Calvin Klein CK Free for Men (2009): If This Is The Smell of Freedom, I'll Eat My Hat {Perfume Review} {Men's Cologne}


The new CK Free for Men by Calvin Klein turns out to be a perfectly pleasant, innocuous cologne without any particular personality nor soul to it. It is co-signed by perfumers Ellen Molner and Rodrigo-Flores-Roux of Givaudan who delivered a product rather than a perfume. The eau de toilette seems to be made up of ideas borrowed from Dior Homme (a lesser dose of soft sueded iris here), John Varvatos created by one of the perfumers, Rodrigo Flores-Roux, and the 2007 Man by Calvin Klein. The scent follows the trend of fruity ambers for men that was fresh when CK Man came out.

To paraphrase Brüno, this is sooo the first half of 2009 when all these flocked to the counters with a herding instinct.

In brief, CK Free may be sending you a message of freedom but it is not applying the message to itself, wanting desperately to not offend the largest number of people possible.

In fact, this time the brand explained that they wanted to conquer the US market as the CK fragrances are more popular abroad than at home. This results in an ultra prudent jus trying to blend in maximally in terms of its scent even if the literature surrounding it was made to convey the idea that it is oh-so-daring ...


It is such a me-too scent that at first it can only provoke silence in the reviewer. What else can I say?

I could say that CK Free is a textbook example of a soulless commercial cologne for men. I want to say, Men, rise and protest!

Even the fruity-amber aspect has been considerably toned down as if you might have difficulty with it. 

The advertising campaign is nicer to look at than the scent to smell on oneself, if you are looking for a distinctive fragrance. Not that it smells bad -- that would be too characteristic -- it just smells indescribably bloodless.

Sure, the ad copy lists a luscious description of notes: Thailand star anise, jackfruit, absinthe, juniper berry, suede, tobacco leaves, coffee absolute, South African buchu, patchouli absolute, oakwood, Texan cedarwood, Costa Rican ironwood.

Where did all these exotic notes go? Back to Costa Rica and Thailand?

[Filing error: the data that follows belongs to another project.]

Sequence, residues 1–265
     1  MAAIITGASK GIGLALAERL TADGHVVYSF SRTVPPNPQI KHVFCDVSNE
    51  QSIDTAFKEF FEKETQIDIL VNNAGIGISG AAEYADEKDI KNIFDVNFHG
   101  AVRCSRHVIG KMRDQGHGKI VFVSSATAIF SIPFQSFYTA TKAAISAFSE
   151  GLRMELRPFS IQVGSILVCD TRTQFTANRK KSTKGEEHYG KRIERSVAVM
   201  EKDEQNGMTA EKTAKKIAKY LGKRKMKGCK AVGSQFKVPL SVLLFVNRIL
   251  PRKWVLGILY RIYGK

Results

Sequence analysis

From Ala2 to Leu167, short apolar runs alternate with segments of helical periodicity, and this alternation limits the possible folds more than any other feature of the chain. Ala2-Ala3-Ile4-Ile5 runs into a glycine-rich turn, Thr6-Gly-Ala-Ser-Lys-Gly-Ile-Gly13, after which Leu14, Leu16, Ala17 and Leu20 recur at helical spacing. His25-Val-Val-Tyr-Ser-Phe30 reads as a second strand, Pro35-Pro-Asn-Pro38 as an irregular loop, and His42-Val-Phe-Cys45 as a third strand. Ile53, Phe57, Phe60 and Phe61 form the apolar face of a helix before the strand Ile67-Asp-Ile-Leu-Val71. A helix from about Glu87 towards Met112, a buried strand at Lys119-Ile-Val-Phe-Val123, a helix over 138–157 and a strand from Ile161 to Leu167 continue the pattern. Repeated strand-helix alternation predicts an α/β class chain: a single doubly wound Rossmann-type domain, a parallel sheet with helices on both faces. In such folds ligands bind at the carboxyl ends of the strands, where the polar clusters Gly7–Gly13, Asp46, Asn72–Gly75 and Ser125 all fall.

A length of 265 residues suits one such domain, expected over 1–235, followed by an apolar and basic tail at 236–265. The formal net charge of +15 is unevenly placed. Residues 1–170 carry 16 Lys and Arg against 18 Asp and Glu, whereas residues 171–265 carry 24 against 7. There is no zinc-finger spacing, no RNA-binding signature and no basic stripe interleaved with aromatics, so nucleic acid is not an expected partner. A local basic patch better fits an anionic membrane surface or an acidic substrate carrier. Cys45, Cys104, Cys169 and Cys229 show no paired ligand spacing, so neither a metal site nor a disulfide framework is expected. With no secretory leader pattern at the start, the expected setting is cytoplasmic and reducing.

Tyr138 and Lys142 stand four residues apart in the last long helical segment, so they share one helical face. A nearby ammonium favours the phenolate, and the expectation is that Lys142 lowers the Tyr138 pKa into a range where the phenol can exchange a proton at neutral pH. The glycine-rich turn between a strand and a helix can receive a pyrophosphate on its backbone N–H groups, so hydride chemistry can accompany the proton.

So, yes, there is some absinthe flashing some green in the beginning and then it's amber and fruit. I love jackfruit but I have trouble capturing its slightly rotten note; it is considerably cleaned up. At any rate, all these great-sounding notes don't hold their promise and might be there, just to make you dream, a little.

Amber, amber, fruit, fruit

A light creamy facet, from the jackfruit, might be the only homeopathic quirk I can discern here thereby confirming a trend where men's perfumes are smelling more like their sisters'. It is apparently a popularity contest of sorts. First the fruits, then the cream.

It is ironic, because there is this quote by model Jamie Dornan, the spokesperson for the cologne, in Now Magazine,

"I don't understand at all girls who are into guys who look a bit like girls - you know, guys who like taper their facial hair into bows. I really struggle with that,' he admitted. 'I mean, I shower, I ruffle up my hair and make it look like I haven't even tried when actually I've spent like five minutes and then I put a bit of CK Free on!'"

Maybe the explanation is to be found at the end of this paragraph,

"CK Free has been created to offer men an everyday escape away from the daily grind regardless of their age, ethnicity or social status. It's very democratic."

"It's very democratic" are the key operating words here and democracy, my friends, smells super diluted on the personality front. I had vaguely wondered what democracy smelled like.

They say it is an aromatic woody scent and the base reveals some dry woods. 

But everything is so diluted in order to be "democratic"... it is a bit scary to see how the fragrance decision-makers view the demos. It looks like, to them, it is a big mass of gray and there are hardly any silhouettes or faces that are discernible because it is more like an immense, moving army of people attached at the hip.

Gray Wall or the Essence of Focus-Group, maybe, could have been better monikers for the fragrance.

If Man by Calvin Klein made me write the following in 2007,

"The scent teeters on the edge of too-mainstream but without falling into the cauldron marked "bland masculine scents".

I can only say that this time CK Free fell into that cauldron, big time.

To part on more positive feelings, let's take a look at the commercial ad, which feels less men-in-grey,

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